Today, Mayor John Tory launched MoveTO – a City staff action plan to help manage congestion and build a more resilient, modern and safe transportation system.
The plan, which will be considered at the Infrastructure and Environment Committee meeting on Thursday, November 5, proposes five key measures that will help make the City’s transportation system more resilient in response to the effects of COVID-19 on Toronto’s overall transportation network.
The five key proposed actions that can launch starting next year include:
As the report states, these five recommended strategies aim to reduce travel times and improve travel reliability for vehicles, improve safety and optimize movement for pedestrians and cyclists at intersections, improve transit operations, coordinate construction activities to minimize impacts to the transportation network and improve safety, and help employers to reduce travel demand and greenhouse gas emissions.
The MoveTO plan builds on the work the City of Toronto has done to positively impact congestion, while also considering safer streets, improved equity, and reduced greenhouse gas emissions as they relate to Toronto’s larger transportation network. Some of these strategies include the recently approved Freight and Goods Movement Strategy, the upcoming Traffic Agents program and the Vision Zero Road Safety Plan.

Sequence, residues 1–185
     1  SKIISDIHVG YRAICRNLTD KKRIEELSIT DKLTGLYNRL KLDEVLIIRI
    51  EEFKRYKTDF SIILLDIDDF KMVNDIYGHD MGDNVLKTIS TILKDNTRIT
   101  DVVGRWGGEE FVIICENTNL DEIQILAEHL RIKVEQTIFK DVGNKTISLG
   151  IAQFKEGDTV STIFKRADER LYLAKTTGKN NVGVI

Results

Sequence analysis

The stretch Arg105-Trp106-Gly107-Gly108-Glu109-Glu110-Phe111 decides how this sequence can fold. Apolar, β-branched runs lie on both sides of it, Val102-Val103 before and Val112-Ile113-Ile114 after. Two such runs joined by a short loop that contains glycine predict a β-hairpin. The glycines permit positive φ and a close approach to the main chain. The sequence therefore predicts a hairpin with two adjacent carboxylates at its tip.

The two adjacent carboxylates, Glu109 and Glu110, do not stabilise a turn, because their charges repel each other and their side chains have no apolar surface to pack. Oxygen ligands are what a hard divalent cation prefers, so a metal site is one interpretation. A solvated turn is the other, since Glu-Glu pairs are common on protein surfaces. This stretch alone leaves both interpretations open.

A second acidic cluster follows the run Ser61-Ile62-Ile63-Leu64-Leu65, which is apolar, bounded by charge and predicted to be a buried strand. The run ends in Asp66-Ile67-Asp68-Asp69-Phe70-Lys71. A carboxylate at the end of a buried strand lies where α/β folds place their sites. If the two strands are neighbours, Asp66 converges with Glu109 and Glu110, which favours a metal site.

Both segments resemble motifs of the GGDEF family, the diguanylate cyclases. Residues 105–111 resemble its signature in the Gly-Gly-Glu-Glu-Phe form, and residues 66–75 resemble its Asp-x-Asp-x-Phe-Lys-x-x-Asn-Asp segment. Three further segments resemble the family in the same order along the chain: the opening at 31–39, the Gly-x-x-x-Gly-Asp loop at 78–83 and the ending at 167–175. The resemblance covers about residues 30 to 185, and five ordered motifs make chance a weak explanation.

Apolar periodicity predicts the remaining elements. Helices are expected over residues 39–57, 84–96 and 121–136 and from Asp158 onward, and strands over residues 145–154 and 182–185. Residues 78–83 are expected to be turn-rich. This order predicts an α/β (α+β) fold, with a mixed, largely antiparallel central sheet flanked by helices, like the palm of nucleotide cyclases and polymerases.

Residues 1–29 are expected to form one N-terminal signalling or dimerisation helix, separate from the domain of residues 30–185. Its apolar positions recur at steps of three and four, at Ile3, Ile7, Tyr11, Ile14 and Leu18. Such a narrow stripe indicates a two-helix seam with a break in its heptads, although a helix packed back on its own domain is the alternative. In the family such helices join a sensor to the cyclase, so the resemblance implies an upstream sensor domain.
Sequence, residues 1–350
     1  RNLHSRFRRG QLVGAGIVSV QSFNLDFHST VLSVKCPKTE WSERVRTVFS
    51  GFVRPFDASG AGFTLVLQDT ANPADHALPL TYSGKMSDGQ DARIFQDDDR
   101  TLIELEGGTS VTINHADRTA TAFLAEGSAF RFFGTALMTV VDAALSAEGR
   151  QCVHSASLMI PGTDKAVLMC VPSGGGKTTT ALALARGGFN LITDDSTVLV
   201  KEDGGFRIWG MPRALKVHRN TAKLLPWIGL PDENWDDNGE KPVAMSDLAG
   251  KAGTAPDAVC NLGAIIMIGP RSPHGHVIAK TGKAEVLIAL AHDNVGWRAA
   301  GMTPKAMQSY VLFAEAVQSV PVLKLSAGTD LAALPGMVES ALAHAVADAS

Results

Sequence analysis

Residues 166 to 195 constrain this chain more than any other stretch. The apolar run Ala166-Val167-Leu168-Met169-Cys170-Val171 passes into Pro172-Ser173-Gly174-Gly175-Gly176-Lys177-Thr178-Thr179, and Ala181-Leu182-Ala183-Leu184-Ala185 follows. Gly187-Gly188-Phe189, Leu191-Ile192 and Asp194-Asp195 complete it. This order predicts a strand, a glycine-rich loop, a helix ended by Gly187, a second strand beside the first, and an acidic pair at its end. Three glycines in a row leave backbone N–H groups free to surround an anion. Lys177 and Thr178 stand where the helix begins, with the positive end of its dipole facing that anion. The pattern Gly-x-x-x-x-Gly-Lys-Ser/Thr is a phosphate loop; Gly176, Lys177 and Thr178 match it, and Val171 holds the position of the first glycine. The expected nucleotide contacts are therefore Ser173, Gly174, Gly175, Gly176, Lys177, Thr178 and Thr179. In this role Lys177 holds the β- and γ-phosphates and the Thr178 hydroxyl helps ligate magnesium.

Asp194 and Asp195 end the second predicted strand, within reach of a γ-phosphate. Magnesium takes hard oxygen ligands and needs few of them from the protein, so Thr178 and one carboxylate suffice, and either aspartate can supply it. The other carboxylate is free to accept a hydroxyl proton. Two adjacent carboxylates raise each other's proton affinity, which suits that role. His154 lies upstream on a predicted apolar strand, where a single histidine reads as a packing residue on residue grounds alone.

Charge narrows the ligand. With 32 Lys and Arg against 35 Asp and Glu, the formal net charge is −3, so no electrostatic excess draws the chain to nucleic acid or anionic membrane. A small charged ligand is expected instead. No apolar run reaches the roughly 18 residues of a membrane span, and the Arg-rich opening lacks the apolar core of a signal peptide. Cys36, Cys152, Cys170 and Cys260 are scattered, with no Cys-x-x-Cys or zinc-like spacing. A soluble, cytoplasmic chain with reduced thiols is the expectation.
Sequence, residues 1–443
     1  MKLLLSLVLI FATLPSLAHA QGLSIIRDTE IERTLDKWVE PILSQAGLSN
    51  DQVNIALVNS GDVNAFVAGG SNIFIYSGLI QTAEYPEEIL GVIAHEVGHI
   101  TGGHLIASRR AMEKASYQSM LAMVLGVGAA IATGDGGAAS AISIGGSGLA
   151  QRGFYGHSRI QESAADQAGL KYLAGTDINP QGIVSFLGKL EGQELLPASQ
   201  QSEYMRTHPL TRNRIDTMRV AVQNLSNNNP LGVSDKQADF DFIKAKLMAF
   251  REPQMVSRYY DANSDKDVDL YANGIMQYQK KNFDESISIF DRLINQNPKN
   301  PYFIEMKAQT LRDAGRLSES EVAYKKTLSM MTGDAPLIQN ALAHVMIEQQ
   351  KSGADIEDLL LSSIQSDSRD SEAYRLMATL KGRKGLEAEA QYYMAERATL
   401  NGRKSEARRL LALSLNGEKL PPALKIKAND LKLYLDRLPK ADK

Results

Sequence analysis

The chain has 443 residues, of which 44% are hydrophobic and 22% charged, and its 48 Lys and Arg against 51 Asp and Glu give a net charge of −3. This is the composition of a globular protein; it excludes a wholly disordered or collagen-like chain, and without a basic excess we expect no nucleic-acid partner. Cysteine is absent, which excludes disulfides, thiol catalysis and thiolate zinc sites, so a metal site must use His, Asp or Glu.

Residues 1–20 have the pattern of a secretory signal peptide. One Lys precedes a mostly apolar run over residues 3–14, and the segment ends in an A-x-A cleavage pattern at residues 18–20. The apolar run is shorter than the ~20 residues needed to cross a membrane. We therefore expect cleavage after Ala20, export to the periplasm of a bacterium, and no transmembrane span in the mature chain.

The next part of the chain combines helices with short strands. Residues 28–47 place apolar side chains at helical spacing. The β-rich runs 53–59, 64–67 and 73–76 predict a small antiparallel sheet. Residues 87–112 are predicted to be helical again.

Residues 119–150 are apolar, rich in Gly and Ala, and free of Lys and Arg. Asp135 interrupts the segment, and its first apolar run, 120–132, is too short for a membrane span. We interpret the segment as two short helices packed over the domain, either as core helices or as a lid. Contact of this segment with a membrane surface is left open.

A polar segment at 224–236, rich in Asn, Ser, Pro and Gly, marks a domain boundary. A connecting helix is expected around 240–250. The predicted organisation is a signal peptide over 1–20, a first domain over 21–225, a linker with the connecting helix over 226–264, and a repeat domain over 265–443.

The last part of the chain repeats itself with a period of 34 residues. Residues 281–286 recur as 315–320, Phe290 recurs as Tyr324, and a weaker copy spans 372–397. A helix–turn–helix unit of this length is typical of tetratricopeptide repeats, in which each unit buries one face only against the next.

The full interim MoveTO report is available on the City website.
“MoveTO will keep Toronto moving now and into the future. This plan will help the city better manage traffic congestion in Toronto and deploy smart, common sense approaches that will help pedestrians, cyclists, transit riders, and drivers. We are implementing this plan as fast as possible to make sure we have a modern and safe transportation system that responds and adapts to traffic in real time. These are realistic solutions that I know will make life better for everyone as they move around our city whether they are walking, cycling, riding transit, or driving.”
– Mayor John Tory
“Moving traffic efficiently and safely keeps pedestrians safe, prevents collisions and keeps goods moving. These are priorities in a growing city. Current systems are timed and programed using decades of vehicle, pedestrian and cycling data that may no longer represent our reality. We have an opportunity to invest in improvements and technologies that make our transportation systems more adaptable while also making roads in Toronto safer for people.”
– Councillor James Pasternak (York Centre), Chair of Infrastructure and Environment Committee
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